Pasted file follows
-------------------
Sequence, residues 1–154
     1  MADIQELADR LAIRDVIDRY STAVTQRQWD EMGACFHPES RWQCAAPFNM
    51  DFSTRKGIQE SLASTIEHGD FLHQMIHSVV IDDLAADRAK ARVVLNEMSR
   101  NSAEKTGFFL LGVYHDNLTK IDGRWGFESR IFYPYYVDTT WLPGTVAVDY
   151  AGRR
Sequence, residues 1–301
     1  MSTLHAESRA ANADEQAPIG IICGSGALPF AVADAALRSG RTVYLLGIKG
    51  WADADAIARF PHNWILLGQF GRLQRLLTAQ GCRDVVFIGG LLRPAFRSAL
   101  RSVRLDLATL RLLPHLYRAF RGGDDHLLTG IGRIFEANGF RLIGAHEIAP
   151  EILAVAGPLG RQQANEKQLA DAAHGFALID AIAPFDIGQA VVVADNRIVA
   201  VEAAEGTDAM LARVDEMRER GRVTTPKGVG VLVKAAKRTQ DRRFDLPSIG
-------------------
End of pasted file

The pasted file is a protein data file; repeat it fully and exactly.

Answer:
Sequence, residues 1–154
     1  MADIQELADR LAIRDVIDRY STAVTQRQWD EMGACFHPES RWQCAAPFNM
    51  DFSTRKGIQE SLASTIEHGD FLHQMIHSVV IDDLAADRAK ARVVLNEMSR
   101  NSAEKTGFFL LGVYHDNLTK IDGRWGFESR IFYPYYVDTT WLPGTVAVDY
   151  AGRR
Sequence, residues 1–301
     1  MSTLHAESRA ANADEQAPIG IICGSGALPF AVADAALRSG RTVYLLGIKG
    51  WADADAIARF PHNWILLGQF GRLQRLLTAQ GCRDVVFIGG LLRPAFRSAL
   101  RSVRLDLATL RLLPHLYRAF RGGDDHLLTG IGRIFEANGF RLIGAHEIAP
   151  EILAVAGPLG RQQANEKQLA DAAHGFALID AIAPFDIGQA VVVADNRIVA
   201  VEAAEGTDAM LARVDEMRER GRVTTPKGVG VLVKAAKRTQ DRRFDLPSIG